11:00-11:15 Research Objects: towards exchange and reuse of digital knowledge: Sean Bechhofer, David De Roure, Matthew Gamble, Carole Goble and Iain Buchan (presentation, paper)
11:15-11:30 The Cognitive Atlas: employing interaction design processes to facilitate collaborative ontology creation: Eric Miller, Christian Seppa, Aniket Kittur, Fred Sabb and Russell Poldrack (presentation, paper)
11:30-11:45 Exploration of a Data Landscape using a Collaborative Linked Data Framework: Laurent Alquier, Tim Schultz and Susie Stephens

(presentation, paper)

11:45-12:00 Policy Mediation to Enable Collaborative Use of Sensitive Data: Matt Cherian, Lalana Kagal and Eric Prud'hommeaux. (presentation, paper)
12:00-12:30 Panel Discussion: Collaborative Science on the Web in 2020

See also HCLSIG gathering in Raleigh

Panel details

  • Coordinator: Eric Prud'hommeaux, W3C
  • Panelists:
    • Mike Conlon, University of Florida
    • Puneet Kishor, Science Commons
    • Hilary Spencer, Nature Publishing
    • Andrew I. Su, Genomics Institute of the Novartis Research Foundation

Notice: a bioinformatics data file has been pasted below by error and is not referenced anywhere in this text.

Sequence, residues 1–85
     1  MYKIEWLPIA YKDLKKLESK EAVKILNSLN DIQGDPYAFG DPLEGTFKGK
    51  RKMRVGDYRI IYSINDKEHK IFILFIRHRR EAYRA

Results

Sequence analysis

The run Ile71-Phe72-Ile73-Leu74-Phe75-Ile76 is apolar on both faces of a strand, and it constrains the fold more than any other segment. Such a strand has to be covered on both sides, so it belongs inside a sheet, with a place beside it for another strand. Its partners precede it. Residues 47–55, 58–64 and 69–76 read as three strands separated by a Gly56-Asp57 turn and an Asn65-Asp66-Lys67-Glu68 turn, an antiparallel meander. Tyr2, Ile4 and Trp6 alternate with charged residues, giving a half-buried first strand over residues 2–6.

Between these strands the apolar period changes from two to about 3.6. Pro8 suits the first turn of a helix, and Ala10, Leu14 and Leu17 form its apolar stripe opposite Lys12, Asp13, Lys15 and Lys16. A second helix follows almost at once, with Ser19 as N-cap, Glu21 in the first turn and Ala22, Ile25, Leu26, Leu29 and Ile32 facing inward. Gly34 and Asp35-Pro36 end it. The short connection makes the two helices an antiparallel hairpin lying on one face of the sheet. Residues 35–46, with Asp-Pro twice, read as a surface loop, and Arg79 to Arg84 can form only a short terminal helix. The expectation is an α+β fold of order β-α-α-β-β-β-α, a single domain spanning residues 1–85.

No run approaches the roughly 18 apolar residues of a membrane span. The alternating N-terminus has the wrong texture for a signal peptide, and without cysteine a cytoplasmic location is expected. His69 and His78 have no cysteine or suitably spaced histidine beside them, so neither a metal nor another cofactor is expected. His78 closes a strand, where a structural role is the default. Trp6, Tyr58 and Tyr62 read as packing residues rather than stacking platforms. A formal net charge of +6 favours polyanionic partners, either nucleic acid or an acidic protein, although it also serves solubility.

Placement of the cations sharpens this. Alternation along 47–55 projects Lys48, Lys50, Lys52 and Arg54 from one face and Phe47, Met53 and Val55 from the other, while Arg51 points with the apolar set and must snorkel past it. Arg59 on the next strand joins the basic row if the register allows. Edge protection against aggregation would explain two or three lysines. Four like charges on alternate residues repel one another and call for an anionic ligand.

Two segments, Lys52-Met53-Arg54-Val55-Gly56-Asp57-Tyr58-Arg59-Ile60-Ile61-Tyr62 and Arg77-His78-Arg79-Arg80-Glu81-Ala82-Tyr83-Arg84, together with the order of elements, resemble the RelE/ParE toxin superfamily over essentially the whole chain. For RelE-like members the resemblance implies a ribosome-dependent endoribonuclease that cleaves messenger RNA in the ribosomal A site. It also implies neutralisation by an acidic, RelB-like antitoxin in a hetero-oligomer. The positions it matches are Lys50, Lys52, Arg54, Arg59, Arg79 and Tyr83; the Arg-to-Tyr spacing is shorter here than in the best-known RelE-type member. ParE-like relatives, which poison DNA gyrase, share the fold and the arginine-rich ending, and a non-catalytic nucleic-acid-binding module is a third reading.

• 2010-March-2 Michael Conlon from University of Florida agreed to give keynote presentation about VIVO, the NIH funded Facebook for the Scientists.
  • 2010-Feb-16 Extension of the EARLY REGISTRATION DATE for workshop participants, a special courtesy of the WWW'10 organizers.
  • 2010-Jan-11 Easy chair submission system is open
  • 2010-Jan-8 2nd CFP is out


Submissions must be formatted using the WWW2010 templates. Please submit your paper via EasyChair at http://www.easychair.org/conferences/?conf=fwcs2010.

Accepted papers will be published on the workshop web site as well as in Nature Precedings, for open access.


We expect to bridge communication and knowledge transfer between the HCLS and the Web communities. We invite audience who are interested in applying the latest web technologies to collaborative health care and life science to participate and contribute to the workshop. Particularly, we welcome participants who wish to explore HCLS specific requirements for collaborating on the web, e.g. trust, privacy, intellectual property, knowledge management, and the scale and diversity of data. This workshop will also be of interest to those interested in learning about the latest developments in data modeling, tools and technologies for web-based collaborative science.